Consequences of the merger with SAT
In the summer of 1918, L M Ericsson and Stockholms Allmänna Telefonaktiebolag (SAT) merged. The new company, Allmänna Telefonaktiebolaget L M Ericsson, received a substantial capital contribution over the next few years, as the Swedish government paid nearly SEK 50 million for the telephone operations of SAT's subsidiary, AB Stockholmstelefon. This increase in capital was extremely important for the company, particularly in view of the fact that the huge losses in Russia were written off over the following years. According to one estimate, total losses in Russia for the newly merged Ericsson amounted to SEK 80 million.
The merger also enriched the business through the combination of other assets. Patents from the two companies were integrated, which had a major impact on the development of the 500-switch then in progress, for example. Expertise in both equipment manufacturing and telephone operations was also combined. This greatly benefited not only equipment manufacturing operations, but also for that part of operations undergoing rapid growth in the 1920s in which the company operated telephone networks under concessions.
But combining the two companies also meant the start of new problems. When SAT's founder H T Cedergren died in 1909, ownership of SAT was transferred in large part to a foundation and to his family. With the merger in 1918, this ownership block came to have a controlling interest. Furthermore, the shares had in turn been pledged as collateral for participation in new share issues. When the Ericsson share was then written down as a result of losses in Russia, the loans became burdensome for the foundation and for Cedergren's family. These economic pressures resulted in the sale of these shareholdings in 1925 to Karl Henrik Wincrantz with Ivar Kreuger as a silent partner and owner. In this manner, Ericsson in late-1920s was increasingly drawn into Kreuger's financial sphere, which would later create considerable turmoil in the company.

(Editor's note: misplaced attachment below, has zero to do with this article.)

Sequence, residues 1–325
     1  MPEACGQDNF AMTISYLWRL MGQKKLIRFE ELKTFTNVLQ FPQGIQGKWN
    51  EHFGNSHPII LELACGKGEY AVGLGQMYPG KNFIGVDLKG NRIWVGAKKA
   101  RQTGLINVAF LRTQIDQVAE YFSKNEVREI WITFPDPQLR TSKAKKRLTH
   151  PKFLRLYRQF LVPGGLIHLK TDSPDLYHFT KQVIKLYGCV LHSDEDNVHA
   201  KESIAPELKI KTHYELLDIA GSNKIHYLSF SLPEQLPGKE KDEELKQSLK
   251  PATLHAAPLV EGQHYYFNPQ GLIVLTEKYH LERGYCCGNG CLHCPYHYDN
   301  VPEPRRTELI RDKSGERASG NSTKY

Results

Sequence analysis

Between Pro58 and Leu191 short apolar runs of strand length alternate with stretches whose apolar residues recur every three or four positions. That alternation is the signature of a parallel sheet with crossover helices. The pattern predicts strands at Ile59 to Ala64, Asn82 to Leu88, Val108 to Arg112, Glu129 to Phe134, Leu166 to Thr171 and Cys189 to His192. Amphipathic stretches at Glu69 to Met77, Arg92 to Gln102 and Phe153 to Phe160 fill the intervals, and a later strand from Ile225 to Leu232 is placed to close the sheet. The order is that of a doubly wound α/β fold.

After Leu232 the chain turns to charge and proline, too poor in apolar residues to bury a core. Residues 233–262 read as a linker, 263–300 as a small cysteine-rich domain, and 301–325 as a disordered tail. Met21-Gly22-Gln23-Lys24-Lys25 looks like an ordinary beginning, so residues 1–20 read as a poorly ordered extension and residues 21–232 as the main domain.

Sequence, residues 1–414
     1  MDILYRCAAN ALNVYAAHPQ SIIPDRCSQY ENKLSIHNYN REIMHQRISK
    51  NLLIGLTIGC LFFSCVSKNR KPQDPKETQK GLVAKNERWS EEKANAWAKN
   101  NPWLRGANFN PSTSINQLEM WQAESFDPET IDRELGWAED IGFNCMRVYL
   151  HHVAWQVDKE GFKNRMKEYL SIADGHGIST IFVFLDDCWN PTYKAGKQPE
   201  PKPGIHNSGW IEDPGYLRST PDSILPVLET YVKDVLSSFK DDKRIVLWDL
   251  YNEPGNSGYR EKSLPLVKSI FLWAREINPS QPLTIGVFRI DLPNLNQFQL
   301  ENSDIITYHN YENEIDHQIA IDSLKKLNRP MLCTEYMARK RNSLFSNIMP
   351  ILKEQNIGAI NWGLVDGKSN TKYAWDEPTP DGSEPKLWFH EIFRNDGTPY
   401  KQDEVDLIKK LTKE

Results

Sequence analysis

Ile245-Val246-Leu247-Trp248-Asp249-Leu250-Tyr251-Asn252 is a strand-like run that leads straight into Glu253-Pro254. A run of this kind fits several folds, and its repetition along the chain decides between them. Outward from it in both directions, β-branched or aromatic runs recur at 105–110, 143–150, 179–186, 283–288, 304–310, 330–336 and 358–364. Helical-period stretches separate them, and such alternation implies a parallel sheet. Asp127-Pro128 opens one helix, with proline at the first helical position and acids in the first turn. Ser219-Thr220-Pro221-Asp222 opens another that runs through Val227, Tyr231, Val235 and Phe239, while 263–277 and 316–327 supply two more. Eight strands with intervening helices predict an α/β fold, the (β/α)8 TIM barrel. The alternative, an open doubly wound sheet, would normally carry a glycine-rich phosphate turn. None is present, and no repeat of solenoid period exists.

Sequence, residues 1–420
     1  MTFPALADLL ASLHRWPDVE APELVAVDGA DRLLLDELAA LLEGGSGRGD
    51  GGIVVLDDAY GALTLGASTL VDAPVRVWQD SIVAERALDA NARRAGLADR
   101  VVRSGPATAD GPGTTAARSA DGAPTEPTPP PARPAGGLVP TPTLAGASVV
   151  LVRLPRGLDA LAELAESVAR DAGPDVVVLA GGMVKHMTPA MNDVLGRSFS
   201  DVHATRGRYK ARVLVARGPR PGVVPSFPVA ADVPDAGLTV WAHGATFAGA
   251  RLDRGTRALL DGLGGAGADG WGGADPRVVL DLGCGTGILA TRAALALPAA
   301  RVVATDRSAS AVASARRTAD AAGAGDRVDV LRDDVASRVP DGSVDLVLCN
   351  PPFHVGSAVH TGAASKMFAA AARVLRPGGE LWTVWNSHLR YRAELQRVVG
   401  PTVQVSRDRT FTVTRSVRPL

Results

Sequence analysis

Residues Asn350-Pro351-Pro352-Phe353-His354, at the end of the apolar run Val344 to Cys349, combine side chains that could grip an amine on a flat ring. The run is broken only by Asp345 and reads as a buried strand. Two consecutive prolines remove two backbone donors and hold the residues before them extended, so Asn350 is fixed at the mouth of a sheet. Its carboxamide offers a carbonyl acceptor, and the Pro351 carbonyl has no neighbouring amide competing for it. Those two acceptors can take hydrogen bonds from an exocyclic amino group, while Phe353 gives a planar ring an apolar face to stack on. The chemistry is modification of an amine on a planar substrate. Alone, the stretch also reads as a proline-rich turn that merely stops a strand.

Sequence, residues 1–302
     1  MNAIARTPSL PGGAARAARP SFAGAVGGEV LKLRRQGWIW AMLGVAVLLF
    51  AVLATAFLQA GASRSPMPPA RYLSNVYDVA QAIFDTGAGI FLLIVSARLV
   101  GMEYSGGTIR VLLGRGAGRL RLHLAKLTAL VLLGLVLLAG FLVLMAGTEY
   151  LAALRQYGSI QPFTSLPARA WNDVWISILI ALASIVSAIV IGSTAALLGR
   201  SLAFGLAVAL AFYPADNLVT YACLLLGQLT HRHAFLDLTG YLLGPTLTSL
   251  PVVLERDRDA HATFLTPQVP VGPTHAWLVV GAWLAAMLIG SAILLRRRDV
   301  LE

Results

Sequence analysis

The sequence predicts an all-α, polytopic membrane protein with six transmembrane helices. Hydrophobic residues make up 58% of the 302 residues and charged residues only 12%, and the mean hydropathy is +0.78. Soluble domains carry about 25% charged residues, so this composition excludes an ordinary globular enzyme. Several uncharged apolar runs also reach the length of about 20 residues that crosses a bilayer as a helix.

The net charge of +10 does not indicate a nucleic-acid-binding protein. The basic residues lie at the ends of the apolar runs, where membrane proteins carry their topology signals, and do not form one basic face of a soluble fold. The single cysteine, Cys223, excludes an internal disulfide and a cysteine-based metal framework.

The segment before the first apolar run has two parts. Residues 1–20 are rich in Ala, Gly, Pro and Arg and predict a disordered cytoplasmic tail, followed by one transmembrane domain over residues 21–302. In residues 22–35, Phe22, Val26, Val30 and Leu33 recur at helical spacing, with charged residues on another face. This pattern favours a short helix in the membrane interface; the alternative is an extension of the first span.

Finally, the merger can also be seen as an important event from an even longer perspective. SAT's sale of telephone operations in Stockholm and the simultaneous merger with Ericsson was important because it created a more consolidate structure in the Swedish telephone industry. On the one hand, there was now Televerket, the Swedish PTT, which in principle had a monopoly on telephone services in Sweden, while the newly merged Ericsson was a company that manufactured telecommunications equipment and was active as a telephone operator outside Sweden.
This meant less competition between Ericsson and Televerket. Instead, Televerket became a more important customer for Ericsson, with intensive joint development work as a result. The events in 1918 thus laid the foundation for a long period of development cooperation with the state-owned monopoly in Swedish telephony that followed. This was an era that would only slowly close during the final decades of the century.
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